Far from being a sign of poor musicianship, the creation of a unique and unified "feel" is the hallmark of a good ensemble. If you doubt this in any way, listen to the house bands of the Motown or Stax labels, who backed some of the greatest soul singers of the 1960s, or James Brown's 1970s backing band, the JBs. If you tracked the beats per minute on a bar-by-bar basis, you may well find tempo variations of up to around 5%, and yet each band is playing so tightly as a unit that these time differences are not perceptible to the ear.
In an era when much of our popular music is based around computerized rhythm, it's interesting that many producers and manufacturers have gone to great length to "humanize" their sounds by using digital samples of real drummers, or by building slight changes in tempo into computer sequences.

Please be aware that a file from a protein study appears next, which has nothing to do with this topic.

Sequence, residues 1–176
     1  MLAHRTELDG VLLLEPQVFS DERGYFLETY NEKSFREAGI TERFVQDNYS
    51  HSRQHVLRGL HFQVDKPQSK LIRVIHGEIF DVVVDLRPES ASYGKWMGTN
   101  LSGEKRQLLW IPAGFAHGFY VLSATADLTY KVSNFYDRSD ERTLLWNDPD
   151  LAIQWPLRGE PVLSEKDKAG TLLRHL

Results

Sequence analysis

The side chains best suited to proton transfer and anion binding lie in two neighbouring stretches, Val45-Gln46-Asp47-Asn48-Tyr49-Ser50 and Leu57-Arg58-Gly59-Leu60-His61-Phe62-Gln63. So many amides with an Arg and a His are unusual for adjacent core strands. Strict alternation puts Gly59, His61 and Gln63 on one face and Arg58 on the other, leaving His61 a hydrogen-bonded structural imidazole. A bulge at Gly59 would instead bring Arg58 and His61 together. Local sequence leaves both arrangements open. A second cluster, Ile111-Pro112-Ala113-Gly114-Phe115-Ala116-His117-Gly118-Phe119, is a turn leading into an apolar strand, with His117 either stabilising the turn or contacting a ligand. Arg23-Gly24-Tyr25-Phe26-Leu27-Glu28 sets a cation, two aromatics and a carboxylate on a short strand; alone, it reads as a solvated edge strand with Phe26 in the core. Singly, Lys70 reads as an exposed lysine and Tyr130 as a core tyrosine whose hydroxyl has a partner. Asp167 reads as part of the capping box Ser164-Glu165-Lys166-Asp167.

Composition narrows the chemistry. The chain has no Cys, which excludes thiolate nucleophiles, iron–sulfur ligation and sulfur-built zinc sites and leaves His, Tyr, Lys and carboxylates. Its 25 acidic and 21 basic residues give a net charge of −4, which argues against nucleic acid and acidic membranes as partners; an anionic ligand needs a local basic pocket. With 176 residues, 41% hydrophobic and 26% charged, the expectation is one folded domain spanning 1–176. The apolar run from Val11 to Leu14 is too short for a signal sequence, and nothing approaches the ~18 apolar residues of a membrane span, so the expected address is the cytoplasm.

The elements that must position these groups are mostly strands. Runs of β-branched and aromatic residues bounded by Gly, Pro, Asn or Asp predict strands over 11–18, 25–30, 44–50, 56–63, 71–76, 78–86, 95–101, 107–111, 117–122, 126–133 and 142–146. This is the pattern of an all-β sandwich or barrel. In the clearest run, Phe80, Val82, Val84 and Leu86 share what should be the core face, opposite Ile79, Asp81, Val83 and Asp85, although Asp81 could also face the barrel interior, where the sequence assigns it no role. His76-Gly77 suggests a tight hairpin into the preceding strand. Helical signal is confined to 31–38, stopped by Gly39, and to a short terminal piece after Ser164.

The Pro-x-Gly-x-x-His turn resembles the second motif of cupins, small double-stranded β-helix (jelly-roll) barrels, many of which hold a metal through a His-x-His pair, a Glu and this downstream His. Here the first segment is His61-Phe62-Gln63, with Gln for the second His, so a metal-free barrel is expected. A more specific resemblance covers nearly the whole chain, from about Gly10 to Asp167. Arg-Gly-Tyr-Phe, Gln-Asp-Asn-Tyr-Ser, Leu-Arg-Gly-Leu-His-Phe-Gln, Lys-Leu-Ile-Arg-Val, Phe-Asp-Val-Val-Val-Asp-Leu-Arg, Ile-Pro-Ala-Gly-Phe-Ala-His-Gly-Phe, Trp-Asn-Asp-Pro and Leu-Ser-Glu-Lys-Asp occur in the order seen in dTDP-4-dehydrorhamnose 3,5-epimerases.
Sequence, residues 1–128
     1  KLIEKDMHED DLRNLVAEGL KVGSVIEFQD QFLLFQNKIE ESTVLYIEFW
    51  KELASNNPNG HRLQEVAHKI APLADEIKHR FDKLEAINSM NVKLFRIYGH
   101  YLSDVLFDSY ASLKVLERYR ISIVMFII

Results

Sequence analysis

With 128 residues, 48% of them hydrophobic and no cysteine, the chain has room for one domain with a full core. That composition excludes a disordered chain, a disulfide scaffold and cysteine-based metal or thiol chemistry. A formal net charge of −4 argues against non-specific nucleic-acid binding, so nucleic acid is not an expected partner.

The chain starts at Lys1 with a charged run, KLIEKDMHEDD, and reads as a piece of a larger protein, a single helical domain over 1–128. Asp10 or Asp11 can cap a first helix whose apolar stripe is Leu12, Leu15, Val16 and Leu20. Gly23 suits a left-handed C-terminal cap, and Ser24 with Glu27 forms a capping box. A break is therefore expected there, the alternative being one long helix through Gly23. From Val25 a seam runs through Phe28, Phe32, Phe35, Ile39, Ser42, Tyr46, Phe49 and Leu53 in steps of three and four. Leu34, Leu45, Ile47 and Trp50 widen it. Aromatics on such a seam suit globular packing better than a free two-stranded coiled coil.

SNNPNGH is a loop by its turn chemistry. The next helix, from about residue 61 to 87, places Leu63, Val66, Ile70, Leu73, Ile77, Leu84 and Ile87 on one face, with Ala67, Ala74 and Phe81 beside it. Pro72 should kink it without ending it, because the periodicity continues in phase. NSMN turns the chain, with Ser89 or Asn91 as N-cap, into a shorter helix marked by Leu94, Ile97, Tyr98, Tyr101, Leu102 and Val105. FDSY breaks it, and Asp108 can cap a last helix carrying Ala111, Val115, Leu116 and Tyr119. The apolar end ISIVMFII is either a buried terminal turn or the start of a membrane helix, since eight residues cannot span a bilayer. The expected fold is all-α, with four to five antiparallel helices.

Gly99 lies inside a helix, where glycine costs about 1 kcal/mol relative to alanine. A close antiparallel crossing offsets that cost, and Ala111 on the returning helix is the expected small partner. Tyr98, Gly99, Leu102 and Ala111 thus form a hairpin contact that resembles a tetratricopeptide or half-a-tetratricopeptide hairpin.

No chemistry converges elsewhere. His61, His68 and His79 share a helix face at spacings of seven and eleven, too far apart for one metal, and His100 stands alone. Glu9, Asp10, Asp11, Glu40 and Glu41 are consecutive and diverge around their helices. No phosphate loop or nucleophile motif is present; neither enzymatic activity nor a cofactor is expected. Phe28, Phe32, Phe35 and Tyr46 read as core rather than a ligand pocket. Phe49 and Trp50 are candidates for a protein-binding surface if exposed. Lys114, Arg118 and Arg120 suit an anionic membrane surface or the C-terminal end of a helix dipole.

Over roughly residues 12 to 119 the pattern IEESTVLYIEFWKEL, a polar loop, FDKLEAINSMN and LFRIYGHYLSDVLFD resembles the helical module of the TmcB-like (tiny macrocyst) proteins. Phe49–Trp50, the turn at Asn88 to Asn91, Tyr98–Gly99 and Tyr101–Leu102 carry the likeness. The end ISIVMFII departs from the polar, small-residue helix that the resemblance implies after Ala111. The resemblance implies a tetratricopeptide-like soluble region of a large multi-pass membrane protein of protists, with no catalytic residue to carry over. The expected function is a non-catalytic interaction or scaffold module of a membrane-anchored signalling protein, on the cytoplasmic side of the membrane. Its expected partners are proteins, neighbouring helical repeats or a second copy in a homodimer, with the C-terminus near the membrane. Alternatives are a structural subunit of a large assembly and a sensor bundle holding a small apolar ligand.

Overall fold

Rhythm and the Guitar
The term Rhythm refers to the way in which notes are played or accented. It is the rhythm that creates the "feel" of a piece of music. The rhythm guitar has played a vital role in all forms of ensemble music since the early days of jazz and blues, and before amplification had given the guitar a voice "above" the music. It was only during the 1930s, when pioneering jazzmen such as Charlie Christian started experimenting with guitars fitted with electronic pickups, that the guitar joined the brass and woodwind instruments capble of having solo or "lead" parts that were audible in a large orchestra or band.
Developing Timing Skills
There are many different ways in which you can develop your sense of timing, but one truth is certain: it will only come with practice.